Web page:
The project taught us a great deal about flight planning, both from a drone perspective, but also around ensuring the correct permissions were in place from landowners.
3. What impact would you say drone technology has had on your working life?
The technology has certainly had an impact on the way we live our lives, in that by starting this business we have been able to move away from having a standard nine to five job, to one where we can choose our own work hours. It has also allowed us to get out into the country and explore areas of Ireland that we’d never been to before.
Initially the prospect of work was limited, because the technology was too new and disruptive. But we have found that over the last 18 months there is a greater acceptance now of the capabilities and benefits of drones, especially in surveying and agriculture.
There is a greater acceptance now of the capabilities and benefits of drones, especially in surveying and agriculture
4. What kind of role do you see drone technology playing in the future for companies such as yours? Can you imagine what your working life might look several years down the line?
We are at the early stages of working with the agricultural community here in Ireland, using RGB and multispectral imagery to improve yields and profitability of crops.
This is a growing market that we will continue to work in and we’re looking to the future, to bringing thermal and hyperspectral capabilities along with higher resolution camera systems and improvements in software, all of which will allow for individual plant analysis and the automatic identification of different species.
The use of drones for mapping and stockpile quantification in quarries is also an area where we see a gap currently. With the ability to map large areas quickly with the eBee, while eliminating the need to be inside the quarry, there are both safety and efficiency benefits that we can bring to such businesses.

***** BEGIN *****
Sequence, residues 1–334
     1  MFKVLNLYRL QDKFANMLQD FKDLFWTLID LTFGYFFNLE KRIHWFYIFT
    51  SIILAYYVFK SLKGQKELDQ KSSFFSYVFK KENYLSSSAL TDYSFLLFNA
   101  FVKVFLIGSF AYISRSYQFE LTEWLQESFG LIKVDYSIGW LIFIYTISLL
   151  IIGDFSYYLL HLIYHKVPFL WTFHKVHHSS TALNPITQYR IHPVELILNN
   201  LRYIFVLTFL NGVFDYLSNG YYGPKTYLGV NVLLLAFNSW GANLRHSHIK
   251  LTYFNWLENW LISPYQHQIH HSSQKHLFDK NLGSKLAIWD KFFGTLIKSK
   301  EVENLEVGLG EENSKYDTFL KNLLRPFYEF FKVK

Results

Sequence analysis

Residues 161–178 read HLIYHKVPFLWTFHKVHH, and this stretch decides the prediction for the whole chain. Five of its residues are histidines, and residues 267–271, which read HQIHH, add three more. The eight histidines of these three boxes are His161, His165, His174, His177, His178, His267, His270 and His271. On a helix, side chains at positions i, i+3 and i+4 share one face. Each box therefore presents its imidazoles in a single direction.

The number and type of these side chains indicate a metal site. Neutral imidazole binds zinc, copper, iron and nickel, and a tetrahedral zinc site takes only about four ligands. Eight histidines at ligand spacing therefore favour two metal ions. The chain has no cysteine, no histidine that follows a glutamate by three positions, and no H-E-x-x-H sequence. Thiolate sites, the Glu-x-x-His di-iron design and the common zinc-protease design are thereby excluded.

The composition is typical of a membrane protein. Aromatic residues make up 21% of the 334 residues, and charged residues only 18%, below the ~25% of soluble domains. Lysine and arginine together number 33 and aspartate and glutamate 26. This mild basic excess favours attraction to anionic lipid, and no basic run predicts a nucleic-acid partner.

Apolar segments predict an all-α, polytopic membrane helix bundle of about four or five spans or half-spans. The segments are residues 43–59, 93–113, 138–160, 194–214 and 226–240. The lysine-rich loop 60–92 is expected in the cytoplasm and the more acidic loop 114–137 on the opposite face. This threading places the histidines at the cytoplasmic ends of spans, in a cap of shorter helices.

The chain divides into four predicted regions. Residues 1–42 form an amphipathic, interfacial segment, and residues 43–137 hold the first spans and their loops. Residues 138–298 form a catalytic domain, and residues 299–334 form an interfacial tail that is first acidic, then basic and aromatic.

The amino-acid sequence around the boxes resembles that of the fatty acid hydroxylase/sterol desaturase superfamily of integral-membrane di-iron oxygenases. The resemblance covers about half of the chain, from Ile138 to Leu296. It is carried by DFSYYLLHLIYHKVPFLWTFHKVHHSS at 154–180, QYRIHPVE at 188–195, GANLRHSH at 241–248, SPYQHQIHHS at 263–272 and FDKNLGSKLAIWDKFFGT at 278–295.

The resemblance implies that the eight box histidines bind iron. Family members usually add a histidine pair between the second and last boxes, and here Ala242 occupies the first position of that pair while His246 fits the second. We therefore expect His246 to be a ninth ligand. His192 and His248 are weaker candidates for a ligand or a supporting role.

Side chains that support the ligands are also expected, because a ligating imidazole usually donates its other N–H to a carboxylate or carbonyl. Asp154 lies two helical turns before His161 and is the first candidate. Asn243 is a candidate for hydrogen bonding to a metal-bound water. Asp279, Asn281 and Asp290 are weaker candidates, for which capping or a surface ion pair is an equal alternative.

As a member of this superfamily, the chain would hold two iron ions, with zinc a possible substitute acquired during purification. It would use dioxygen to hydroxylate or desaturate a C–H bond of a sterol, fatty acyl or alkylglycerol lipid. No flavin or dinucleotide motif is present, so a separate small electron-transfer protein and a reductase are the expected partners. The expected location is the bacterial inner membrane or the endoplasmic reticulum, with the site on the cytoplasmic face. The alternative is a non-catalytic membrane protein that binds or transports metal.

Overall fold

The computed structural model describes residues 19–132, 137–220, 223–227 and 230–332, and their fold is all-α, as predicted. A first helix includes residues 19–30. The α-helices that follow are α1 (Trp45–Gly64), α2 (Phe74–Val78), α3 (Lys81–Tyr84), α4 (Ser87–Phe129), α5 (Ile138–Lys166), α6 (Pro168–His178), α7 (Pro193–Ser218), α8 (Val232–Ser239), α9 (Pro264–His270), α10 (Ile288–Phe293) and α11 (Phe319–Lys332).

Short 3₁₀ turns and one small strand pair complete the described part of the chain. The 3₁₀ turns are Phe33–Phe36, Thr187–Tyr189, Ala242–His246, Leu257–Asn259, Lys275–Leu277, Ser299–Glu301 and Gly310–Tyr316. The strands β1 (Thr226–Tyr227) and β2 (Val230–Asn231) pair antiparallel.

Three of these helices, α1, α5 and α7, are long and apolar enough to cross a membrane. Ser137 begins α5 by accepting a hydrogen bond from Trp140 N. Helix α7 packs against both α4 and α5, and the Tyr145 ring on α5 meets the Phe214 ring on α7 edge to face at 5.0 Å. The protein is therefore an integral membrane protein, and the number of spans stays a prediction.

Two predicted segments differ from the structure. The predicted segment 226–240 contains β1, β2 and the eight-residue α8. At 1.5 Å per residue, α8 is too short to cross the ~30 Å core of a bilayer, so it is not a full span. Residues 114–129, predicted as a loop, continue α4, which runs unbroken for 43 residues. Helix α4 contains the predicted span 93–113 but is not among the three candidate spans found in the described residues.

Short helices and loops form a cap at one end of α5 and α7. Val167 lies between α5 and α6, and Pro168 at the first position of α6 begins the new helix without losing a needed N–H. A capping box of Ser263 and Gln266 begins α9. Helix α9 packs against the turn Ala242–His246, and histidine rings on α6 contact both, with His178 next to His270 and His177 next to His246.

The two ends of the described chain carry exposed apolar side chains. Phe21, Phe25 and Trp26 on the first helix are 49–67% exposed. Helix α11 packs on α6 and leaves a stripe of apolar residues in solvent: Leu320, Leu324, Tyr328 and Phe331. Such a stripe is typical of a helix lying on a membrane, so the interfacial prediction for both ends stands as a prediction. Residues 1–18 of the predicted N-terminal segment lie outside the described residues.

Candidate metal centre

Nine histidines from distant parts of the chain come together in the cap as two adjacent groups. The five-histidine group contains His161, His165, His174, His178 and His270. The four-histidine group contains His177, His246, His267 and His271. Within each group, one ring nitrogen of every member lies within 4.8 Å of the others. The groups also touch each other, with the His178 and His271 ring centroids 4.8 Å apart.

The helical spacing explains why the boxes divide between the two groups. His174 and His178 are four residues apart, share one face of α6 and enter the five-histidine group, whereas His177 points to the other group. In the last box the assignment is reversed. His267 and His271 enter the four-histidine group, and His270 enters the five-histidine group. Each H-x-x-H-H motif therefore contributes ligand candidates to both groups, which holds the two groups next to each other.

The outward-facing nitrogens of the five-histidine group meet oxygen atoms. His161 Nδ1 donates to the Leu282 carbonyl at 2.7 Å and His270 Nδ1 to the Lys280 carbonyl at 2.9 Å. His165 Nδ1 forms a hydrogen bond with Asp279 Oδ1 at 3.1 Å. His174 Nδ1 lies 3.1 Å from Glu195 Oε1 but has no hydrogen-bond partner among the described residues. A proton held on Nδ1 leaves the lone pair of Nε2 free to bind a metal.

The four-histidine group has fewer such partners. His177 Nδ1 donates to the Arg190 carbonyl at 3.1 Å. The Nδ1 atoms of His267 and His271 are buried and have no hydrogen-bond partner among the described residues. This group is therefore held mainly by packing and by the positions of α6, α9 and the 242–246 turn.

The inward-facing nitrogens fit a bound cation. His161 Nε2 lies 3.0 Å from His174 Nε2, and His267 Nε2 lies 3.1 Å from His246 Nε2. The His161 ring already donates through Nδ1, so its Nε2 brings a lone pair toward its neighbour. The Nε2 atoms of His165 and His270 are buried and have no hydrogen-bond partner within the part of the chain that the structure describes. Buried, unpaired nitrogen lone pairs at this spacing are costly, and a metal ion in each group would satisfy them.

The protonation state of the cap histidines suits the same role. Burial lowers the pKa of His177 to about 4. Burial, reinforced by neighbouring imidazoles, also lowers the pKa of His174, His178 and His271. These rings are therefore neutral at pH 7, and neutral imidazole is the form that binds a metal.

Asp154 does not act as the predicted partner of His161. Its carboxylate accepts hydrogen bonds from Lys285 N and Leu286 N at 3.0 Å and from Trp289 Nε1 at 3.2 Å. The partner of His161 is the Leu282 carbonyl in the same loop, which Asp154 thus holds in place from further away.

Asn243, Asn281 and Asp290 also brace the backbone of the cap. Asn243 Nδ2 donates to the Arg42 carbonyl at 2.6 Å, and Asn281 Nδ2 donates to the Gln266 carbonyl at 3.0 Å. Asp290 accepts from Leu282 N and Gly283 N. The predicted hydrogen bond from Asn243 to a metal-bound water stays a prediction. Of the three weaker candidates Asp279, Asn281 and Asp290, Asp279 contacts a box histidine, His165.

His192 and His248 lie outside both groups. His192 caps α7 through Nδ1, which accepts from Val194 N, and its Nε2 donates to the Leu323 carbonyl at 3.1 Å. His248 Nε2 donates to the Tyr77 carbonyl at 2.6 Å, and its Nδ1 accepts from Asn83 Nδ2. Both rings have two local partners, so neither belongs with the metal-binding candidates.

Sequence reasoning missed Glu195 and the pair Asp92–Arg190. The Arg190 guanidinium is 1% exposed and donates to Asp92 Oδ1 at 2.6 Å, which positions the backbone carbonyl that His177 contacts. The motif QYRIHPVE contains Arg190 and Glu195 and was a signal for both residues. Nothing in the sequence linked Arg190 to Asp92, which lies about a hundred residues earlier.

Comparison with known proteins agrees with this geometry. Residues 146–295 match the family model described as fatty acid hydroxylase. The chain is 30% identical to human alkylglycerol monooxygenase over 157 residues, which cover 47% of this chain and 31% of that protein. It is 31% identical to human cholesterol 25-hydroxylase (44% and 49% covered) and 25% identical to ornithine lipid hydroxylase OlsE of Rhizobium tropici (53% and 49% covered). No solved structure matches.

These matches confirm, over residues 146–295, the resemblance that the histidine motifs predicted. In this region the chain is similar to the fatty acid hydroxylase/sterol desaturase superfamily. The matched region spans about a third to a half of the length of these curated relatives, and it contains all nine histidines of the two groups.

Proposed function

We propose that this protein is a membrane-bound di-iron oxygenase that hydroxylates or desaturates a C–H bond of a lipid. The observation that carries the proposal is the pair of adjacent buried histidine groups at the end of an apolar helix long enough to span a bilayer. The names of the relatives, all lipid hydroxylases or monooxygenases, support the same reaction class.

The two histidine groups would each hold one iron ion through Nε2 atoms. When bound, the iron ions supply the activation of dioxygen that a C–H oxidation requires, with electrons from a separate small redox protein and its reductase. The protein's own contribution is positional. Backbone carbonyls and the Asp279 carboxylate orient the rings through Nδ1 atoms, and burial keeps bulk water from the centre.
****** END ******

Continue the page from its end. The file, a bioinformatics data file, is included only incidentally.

In the future we see a combination of partnerships with industries that can translate the data generated from our systems into usable information for our clients. This is something we are already working on, along with the expansion of both the fleet of systems we use and the imaging capabilities they can bring.
5. If you could give 3 tips to a budding dronepreneur of the future, what would they be?
- Find your niche in the market—you cannot do everything, so you need to find your gap.
- Ensure that you have finance for both your business and yourself—it could be some time until your business returns your investment!
- Make sure you factor in free time for yourself in your working week.
Great stuff. Thanks so much for the insights David and we wish Capturing A World much success.
Sure, you’re welcome.
Capturing A World
Industries served: quarrying, surveying, agriculture, forestry
Drones: senseFly eBee Ag w/Airinov multiSPEC 4C
Software: Pix4D, Global Mapper, QGIS, Photoshop CC,
Avg. flights per month: 10
Total flight hours: 100 hours
Dream robot: A combined ground and air system for farmers: we envisage a system that is fully automated and can be deployed on-site, with an aerial system capable of imaging crops and identifying issues (weeds, nutrients etc.), supported by a ground unit that can find the issue and eliminate or repair the damage.